Energy reversal hits market, inflation drags ASX lower, Atlas Arteria falls
It was a sea of red on the S&P/ASX200, with the market closing down 1.5 per cent on Friday, resulting in a 2.1 per cent loss for the week.
A reversal in the energy sector, triggered by a resolution of potential railroad strikes sent the energy sector down 3 per cent, with Whitehaven Coal (ASX:WHC) single 2.7 per cent.
It was a similar story for materials, which fell 2.8 per cent after the iron ore price took another hit, dragging BHP (ASX:BHP) and Rio Tinto (ASX:RIO) off 1.8 and 2.1 per cent as the Chinese property market showed sustained signs of weakness.
No sector was immune with utilities falling just 0.4 per cent and healthcare 0.6 per cent.
Atlas Arteria (ASX:ALX) fell 15 per cent as expected after completing a $2.5 billion capital raising at $6.30 per share while Star Entertainment (ASX:SGR) and Computershare (ASX:CPU) gained 5.1 and 4.4 per cent respectively.
The former on hopes they would not lose their casino license and the latter due to the leverage the company has to higher interest rates.
Across the five days every sector finished lower led by real estate and healthcare, down 4.6 and 4.1 per cent, as the US inflation data took another bite out of valuations.
Over the week Star topped the gains, adding 9 per cent, with AMP (ASX:AMP) not far behind, gaining 7.1 per cent, while Lake Resources (ASX:LKE) fell 28 and Link Admin (ASX:LNK) 22 per cent on corporate concerns.
US markets hit on FedEx recession call, General Electric hit, sentiment boost
US benchmarks finished the week on a negative tone once again, with the Dow Jones falling 0.5, the S&P500 0.7 and the Nasdaq 0.9 per cent.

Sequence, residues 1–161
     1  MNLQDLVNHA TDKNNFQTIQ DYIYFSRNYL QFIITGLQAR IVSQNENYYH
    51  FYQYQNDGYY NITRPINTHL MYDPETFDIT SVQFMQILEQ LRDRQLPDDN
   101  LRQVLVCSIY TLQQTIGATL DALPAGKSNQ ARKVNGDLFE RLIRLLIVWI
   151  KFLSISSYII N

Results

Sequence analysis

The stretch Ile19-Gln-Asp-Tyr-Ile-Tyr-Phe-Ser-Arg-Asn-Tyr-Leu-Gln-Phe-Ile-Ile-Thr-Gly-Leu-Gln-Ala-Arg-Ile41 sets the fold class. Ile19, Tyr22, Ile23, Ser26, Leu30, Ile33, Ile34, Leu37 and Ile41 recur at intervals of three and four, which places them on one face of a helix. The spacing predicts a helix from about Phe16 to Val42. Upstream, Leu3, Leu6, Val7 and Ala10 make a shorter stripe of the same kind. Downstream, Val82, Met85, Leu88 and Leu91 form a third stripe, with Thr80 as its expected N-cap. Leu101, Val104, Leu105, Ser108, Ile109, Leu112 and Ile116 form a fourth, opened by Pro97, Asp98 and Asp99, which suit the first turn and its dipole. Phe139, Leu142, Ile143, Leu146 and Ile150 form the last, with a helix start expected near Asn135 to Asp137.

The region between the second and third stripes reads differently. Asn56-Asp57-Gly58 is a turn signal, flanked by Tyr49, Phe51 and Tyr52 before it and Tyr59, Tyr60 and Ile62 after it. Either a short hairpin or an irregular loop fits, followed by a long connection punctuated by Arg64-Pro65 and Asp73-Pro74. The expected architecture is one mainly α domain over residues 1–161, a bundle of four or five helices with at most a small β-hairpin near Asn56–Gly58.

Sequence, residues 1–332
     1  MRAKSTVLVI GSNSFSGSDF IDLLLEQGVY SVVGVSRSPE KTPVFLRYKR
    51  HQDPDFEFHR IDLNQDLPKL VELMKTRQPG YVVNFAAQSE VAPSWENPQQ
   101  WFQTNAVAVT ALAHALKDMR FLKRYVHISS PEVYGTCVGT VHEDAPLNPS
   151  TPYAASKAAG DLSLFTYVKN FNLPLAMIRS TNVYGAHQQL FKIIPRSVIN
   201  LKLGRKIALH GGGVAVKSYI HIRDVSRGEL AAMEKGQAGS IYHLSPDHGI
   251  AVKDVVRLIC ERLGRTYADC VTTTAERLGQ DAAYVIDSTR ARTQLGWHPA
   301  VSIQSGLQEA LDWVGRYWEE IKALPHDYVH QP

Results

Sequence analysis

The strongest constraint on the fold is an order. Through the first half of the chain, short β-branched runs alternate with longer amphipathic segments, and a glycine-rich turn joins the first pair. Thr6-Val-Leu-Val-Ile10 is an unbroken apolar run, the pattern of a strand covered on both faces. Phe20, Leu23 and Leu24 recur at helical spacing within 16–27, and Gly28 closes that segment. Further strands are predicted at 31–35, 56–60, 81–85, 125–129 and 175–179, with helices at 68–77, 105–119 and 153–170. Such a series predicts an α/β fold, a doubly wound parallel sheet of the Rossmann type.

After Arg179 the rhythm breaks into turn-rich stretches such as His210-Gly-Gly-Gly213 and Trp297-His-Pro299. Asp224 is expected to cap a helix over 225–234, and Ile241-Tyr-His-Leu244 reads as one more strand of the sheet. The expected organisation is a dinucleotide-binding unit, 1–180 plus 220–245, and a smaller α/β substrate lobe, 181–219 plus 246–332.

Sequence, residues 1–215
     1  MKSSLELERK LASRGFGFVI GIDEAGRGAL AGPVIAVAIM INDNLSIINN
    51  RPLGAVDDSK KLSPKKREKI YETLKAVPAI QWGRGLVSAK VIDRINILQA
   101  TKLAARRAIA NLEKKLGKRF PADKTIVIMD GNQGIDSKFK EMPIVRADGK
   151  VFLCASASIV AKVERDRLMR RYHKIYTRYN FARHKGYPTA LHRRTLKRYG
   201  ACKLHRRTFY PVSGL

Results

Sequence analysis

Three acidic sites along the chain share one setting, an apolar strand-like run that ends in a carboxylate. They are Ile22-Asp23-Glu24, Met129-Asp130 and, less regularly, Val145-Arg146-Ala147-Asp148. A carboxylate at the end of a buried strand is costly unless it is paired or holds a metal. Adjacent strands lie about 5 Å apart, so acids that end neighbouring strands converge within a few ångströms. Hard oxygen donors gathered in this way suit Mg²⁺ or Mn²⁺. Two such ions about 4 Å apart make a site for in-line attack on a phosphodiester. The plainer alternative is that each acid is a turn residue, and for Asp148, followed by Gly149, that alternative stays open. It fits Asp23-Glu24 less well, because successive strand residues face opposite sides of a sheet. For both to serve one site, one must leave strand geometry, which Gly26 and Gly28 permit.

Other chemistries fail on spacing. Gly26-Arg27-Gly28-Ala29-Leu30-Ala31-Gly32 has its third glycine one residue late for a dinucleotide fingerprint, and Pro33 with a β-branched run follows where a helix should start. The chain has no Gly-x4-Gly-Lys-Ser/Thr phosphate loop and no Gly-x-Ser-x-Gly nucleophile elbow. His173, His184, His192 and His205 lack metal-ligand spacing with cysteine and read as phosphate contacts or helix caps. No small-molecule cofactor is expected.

The trigger was a profit warning and removal or annual guidance by courier and parcel delivery group FedEx (NYSE:FDX).
Shares in the company fell by 21.4 per cent after management forecast much lower profit on falling revenue with Europe US$500 million below expectations.
The fall was blamed on economic weakness with the CEO suggesting the US economy was headed for a recession.
This resulted in broad-based selling pressure across the sector with United Parcel Service (NYSE:UPS) down 4.5 and Amazon (NYSE:AMZN) 2.2 per cent.
It was a similar story for conglomerate General Electric (NYSE:GE) which fell 3.6 per cent after falling about sustained supply chain pressures despite some positivity around renewable energy asset sales.
On the positive side, consumer sentiment hit a five month high in the face of rate hikes, but this wasn’t enough to avert a significant fall for the week, with the three benchmarks down 4.1, 4.8 and 5.5 per cent each.
When will it break, pricing faster than ever, casinos, coal miners drive returns
The biggest question on investors lips this week is whether the global economy is nearly at breaking point.
On the one hand we saw FedEx withdraw guidance as package volumes were below expectations, on the other economists are now predicting a recession in Canada, along with the US and the UK, all triggered by higher interest rates.
Central banks are not communicating any potential slowing despite the clear time lag.
Only time will tell where the breaking point is, so diversification remains key at this point of the cycle.
The speed at which markets price in new data accelerated once again this week, with a swift 5 per cent selloff in the Nasdaq coming on the back of just a 0.1 per cent higher than expected inflation rate.
This is the new normal, and something investors must deal with via patience and alternatives.
It remains to be seen what comes of Star and Crown, yet with both being found unfit to retain casino licenses, but still retaining them, and seeing strong share price gains this week, investors will likely be increasingly wary of what companies they provide capital to.
A similar story can be made of the resurgence of coal stocks thus far in 2022.